This surgery, to be effective, has to be done before arthritis deforms the acetabular rim or the femoral head. The best candidate is a young dog between 5 months and 1 year of age. In this procedure the acetabulum is rotated to a more normal position in relation to the femoral head, and puts it deeper into the socket by breaking it into three pieces. The new position is stabilized with a plate and bone screws. the hips is able to develop more normally without developing arthritis. About 90% of dogs get good to excellent results and live a normal life of activity. If a TPO is done on the second leg, it is usually done 3-6 weeks later.


THR is currently the best available treatment for severe hip dysplasia in large dogs. Success rate is over 95% and dogs with successful implants are able to preform almost any task done by dogs with normal hips. Therefore, it is the treatment of choice for dogs used for working or sporting activities or when optimal hip function is desired. Most owners report the dog's personality improves because the pain is gone. Most dogs resume normal level of activity within 2 months after surgery.

Total Hip replacement involves removing the ball and the socket portions of the hip joint and replacing them with artificial ones. The femoral head is cut off. The inside of the femur is drilled out and reamed with a tapered reamer, then finish filed and broached. The femoral stem is test-fitted and then cemented in place. Often the glue includes and antibiotic. The acetabulum is reamed, the acetabular cup is fitted and cemented into place. The hip components are in three units allowing for mix and match to better match the dog's original skeletal conformation.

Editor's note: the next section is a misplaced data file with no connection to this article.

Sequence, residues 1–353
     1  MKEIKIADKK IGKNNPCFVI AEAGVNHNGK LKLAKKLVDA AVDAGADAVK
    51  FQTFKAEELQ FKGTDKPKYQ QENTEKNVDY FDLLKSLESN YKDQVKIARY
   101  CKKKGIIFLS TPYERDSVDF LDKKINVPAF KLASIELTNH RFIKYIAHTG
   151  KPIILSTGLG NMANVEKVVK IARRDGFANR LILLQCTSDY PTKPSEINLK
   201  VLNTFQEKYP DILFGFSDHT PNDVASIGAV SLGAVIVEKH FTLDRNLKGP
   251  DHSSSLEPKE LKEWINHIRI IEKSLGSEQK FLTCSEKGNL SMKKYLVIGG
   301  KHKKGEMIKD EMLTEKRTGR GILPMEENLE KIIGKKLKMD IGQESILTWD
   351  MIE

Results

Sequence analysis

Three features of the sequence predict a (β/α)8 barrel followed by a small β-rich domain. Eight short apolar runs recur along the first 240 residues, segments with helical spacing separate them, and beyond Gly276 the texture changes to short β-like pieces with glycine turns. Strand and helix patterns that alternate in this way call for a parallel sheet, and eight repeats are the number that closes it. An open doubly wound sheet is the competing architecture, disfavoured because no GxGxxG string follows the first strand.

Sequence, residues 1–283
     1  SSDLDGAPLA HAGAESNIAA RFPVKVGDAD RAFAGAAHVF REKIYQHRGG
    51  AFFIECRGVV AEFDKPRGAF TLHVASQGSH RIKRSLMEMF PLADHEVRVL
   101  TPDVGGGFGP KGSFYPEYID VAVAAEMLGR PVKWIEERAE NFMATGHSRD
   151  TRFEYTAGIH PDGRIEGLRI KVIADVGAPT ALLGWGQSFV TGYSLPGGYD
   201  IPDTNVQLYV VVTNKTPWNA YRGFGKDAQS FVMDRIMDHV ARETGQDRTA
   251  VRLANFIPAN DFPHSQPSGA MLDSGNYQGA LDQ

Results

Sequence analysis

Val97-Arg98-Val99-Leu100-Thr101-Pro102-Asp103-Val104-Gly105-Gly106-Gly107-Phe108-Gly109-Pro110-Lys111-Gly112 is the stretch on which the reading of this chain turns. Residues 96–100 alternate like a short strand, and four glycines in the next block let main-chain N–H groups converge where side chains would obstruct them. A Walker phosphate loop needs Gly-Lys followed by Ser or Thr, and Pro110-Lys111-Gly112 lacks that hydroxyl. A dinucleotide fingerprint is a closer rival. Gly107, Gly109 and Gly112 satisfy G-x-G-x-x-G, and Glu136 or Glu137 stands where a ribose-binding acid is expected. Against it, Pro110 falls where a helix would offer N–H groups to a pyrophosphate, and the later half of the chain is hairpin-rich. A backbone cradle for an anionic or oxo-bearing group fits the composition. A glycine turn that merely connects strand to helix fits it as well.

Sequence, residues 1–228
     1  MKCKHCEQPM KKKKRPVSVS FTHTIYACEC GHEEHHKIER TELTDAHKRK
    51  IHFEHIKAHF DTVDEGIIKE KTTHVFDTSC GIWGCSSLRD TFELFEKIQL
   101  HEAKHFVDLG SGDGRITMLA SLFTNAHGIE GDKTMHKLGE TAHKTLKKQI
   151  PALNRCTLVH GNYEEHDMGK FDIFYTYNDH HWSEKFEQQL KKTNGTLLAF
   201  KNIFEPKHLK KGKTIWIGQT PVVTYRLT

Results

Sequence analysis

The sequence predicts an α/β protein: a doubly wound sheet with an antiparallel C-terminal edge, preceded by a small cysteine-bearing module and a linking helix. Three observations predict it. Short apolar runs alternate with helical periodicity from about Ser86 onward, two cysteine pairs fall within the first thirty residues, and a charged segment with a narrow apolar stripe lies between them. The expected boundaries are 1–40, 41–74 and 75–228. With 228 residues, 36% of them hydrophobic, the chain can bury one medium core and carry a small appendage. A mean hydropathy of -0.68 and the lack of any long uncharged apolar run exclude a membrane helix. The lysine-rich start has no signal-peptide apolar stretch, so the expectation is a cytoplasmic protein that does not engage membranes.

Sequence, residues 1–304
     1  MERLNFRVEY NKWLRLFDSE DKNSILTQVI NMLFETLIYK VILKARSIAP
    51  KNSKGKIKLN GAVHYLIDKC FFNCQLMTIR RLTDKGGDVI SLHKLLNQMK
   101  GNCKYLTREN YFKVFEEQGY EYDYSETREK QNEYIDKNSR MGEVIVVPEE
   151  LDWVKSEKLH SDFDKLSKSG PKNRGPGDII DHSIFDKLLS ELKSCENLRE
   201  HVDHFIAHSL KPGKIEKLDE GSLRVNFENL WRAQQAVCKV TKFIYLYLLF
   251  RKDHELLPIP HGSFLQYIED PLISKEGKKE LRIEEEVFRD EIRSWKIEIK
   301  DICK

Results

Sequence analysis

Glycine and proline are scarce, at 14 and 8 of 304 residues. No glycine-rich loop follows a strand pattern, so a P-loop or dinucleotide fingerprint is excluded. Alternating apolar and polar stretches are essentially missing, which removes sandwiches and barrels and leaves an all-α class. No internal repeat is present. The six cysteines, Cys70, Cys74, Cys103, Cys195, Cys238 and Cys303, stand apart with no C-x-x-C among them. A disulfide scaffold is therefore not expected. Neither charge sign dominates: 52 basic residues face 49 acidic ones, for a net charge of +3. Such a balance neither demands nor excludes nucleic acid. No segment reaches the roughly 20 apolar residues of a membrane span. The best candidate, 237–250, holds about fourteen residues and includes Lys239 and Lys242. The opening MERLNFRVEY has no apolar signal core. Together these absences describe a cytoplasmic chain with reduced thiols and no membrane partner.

Possible complications exist. Infection is the most common occurrence. Madison vet hospital boasts a 1% rate. Second possible complication is called "cement disease" or aseptic loosening. a Fibrous membrane normally develops between the bone and the cement. With cement disease, a synovial like membrane containing particulate debris develops that produces large amounts of bone resorbing factors. Another complication could be sciatic neuropraxia (inability of the nerve to conduct impulses).

The dog must be fully grown (over 9 months old with fully developed growth plates), over 40 pounds, free of infections or neurologic disorders. They must be healthy. Strict confinement and close supervision is required for 8 weeks after surgery. 80% of dogs only need one side repaired. Ultimately most dogs regain full, pain free function after a THR. The most painful hip is replaced first and if the second hips needs to be replaced, it is at least 2 months later. Most dogs walk on their new hip immediately after surgery. Recovery time is quicker if the THR is done before the hind leg muscles have atrophied.